December – Ski stretches

The Ski season is upon us and for those intending to escape the inevitable London slush to catch some Christmas powder there are some great stretches that could stop you from stiffening up too much after a long day exercising on the slopes.

If it has been a year since you last went skiing then you will certainly feel the muscle ache after the first day on the slopes. This is normal. It is called delayed onset muscle soreness (DOMS). DOMS occurs because of the sudden increase in demand on the muscles that are not accustomed to the load, resulting in inflammation in the muscle. Unfortunately no amount of stretching can make up for the loss of muscle strength and conditioning that occurs between seasons. Training on the cross trainer can, however, help to retain some of this conditioning. If you are quite sore then be extra gentle with the stretches, you don’t want to overstretch an injured muscle!

Because of the position of the body when skiing, the main areas where you are probably going to ache are the thighs and the buttocks. This is because the hips and knees are constantly bent whilst skiing, placing a huge load on both the quadriceps and the gluteal muscles. This loading is exacerbated by the recruitment of these muscles to push the hips sideways when changing direction and because they absorb forces from the ground much like the suspension of a car does.

This can produce a burning sensation at the front of the thigh and in the buttock region as the muscles fatigue. Pain can also occur where the muscles attach at the knee or around the hip.

 

To stretch the gluteal muscles, lie on your back with one leg straight and the other bent at the knee.

Roll the straight leg inwards so that the toes are pointing towards the side of the bent knee.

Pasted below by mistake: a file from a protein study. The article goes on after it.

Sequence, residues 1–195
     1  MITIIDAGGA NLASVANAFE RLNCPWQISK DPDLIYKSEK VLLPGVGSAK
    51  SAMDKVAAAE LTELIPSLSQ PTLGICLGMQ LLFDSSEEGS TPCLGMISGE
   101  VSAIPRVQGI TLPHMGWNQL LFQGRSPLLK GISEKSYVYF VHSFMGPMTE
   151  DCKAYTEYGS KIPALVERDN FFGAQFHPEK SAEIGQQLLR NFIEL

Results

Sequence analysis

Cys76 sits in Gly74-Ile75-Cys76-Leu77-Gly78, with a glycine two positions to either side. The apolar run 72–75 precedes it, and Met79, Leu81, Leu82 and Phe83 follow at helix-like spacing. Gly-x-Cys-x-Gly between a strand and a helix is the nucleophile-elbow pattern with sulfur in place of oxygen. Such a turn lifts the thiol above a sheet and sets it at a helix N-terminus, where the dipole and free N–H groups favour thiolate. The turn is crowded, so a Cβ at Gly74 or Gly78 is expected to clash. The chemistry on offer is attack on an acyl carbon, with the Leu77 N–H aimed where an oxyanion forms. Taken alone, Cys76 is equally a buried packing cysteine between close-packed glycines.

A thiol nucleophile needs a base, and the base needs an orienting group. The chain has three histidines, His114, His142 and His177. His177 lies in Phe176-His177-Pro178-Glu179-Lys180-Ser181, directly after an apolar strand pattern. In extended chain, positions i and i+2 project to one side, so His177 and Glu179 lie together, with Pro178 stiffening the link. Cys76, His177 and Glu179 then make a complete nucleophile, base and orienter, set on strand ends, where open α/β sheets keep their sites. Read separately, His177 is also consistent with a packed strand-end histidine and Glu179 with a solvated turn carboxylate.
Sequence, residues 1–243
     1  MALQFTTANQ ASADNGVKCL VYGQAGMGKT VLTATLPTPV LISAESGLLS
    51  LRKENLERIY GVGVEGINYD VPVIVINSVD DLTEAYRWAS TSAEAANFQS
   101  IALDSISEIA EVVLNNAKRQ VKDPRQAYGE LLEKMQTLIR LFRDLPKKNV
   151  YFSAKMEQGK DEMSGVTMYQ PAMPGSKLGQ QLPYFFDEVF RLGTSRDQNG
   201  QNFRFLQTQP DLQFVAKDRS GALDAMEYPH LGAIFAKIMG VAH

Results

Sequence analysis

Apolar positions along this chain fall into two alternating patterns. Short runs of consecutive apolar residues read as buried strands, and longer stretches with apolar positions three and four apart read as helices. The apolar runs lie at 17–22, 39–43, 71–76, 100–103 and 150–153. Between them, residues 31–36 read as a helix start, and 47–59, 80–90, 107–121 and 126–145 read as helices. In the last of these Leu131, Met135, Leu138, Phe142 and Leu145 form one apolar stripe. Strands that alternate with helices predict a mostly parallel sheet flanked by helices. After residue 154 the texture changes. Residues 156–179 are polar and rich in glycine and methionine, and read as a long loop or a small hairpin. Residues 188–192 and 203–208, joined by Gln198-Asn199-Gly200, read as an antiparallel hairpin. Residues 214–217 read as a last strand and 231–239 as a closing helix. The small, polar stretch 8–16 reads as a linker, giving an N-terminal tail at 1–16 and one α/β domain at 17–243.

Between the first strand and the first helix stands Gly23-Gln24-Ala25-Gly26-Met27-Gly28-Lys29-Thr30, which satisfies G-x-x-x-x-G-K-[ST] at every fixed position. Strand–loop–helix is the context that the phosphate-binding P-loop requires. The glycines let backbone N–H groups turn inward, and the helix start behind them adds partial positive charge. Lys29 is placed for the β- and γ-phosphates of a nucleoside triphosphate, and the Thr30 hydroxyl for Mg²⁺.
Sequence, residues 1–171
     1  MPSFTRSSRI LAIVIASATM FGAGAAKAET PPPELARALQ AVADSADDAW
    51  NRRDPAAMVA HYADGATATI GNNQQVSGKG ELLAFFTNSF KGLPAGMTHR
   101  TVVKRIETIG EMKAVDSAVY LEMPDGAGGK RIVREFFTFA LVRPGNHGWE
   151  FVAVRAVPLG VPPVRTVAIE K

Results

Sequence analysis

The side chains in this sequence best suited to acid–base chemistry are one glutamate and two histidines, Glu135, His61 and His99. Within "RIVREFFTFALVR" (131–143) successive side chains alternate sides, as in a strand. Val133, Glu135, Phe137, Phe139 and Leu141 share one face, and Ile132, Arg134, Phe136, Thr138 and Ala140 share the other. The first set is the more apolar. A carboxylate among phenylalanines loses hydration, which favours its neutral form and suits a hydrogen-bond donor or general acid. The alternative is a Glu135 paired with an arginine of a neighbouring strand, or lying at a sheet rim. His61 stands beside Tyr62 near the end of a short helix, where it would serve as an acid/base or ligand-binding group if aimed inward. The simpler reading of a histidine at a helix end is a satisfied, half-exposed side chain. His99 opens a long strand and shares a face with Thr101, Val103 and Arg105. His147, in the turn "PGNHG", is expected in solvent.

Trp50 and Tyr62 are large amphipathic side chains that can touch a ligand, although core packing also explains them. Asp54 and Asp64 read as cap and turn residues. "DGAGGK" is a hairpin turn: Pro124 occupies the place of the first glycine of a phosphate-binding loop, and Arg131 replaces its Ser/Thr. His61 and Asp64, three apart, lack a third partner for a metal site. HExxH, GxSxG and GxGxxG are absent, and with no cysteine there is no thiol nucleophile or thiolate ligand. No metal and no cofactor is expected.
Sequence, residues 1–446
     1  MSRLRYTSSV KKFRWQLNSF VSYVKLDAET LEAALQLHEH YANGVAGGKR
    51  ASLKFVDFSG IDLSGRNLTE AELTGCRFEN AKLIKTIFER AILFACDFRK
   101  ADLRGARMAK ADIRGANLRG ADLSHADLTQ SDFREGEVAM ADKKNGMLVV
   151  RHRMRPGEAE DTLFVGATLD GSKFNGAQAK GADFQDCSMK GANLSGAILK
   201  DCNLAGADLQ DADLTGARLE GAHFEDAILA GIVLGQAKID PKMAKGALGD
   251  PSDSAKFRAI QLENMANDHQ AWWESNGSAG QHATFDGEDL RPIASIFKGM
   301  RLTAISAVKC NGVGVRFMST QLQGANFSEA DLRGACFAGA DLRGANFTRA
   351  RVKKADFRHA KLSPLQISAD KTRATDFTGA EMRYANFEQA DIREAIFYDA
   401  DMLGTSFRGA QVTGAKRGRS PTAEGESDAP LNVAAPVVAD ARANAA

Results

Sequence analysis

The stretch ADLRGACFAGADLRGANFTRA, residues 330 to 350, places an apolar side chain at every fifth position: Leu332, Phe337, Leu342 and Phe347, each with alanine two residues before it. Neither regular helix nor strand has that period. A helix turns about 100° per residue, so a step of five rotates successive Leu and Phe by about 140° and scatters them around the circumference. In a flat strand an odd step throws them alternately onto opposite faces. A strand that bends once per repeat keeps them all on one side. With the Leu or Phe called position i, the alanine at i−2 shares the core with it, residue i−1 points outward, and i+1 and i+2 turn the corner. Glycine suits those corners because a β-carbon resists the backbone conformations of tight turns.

Take hold of the bent knee with both of your hands and gently draw the knee towards the chest until a gentle pull is felt in the buttock.

Now gently draw the knee across yourself towards the opposite side of your body.

The stretch in the buttock should be much stronger now.

Hold this position for 30 seconds, release for 2 seconds and then repeat for another 30 seconds. Do 3-5 repetitions on the same side before swapping over to the other side.

 

Follow this with a second stretch for a different set of gluteal muscles.

 

Again whilst lying on your back bend up one knee.

Place the ankle of the opposite leg onto the bent up knee.

Now you are crossed legged lying on your back.

Both hands reach through to the back of the thigh on the side with the bent up knee.

The knee is drawn gently towards the chest until a stretch is felt in the opposite buttock.

Again, hold this position for 30 seconds, release for 2 seconds and then repeat for another 30 seconds. Do 3-5 repetitions on the same side before swapping over to the other side.

 

To stretch the quads, you will need a soft surface to kneel on such as a cushion or a stretching mat and a wall or a piece of furniture to hold onto for balance.

Take up a lunge position with one knee on the cushion and the other leg forward with the knee bent.

Holding onto the wall for balance, take hold of the foot on the side of the cushion. Do not draw the foot towards you yet.

Lunge forwards onto the front leg, pushing the hip on the kneeling side forwards at the same time.

You should now be feeling a stretch at the front of the thigh.

Now draw the foot towards you to enhance the stretch.

This is a very strong stretch so you shouldn’t need to pull too hard. If you have trouble reaching the foot, you can use a belt or a towel wrapped around the front of the foot to help you.

Again, hold this position for 30 seconds, release for 2 seconds and then repeat for another 30 seconds. Do 3-5 repetitions on the same side before swapping over to the other side.

 

These three stretches will keep the DOMS to a minimum and aid recovery after a long day exercising. Don’t forget to gently stretch the hamstrings and the calf muscles also as these muscles will also be getting a lot of use.

Supplements such as magnesium and zinc are great for muscle recovery and compression clothing can also help to manage the inflammation in the tissues. You can also anaesthetise the pain with a few well-earned hot whiskeys!

As with any stretch, these should not be painful during or afterwards. You should just have a stretching feeling. If you do feel pain then stop, try again more gently. If it is still painful then don’t repeat the stretch and report it to your Osteopath when you next see them.

Have fun and stay injury free!

 

Geoffrey Hogan (M.Ost)
Registered osteopath

 

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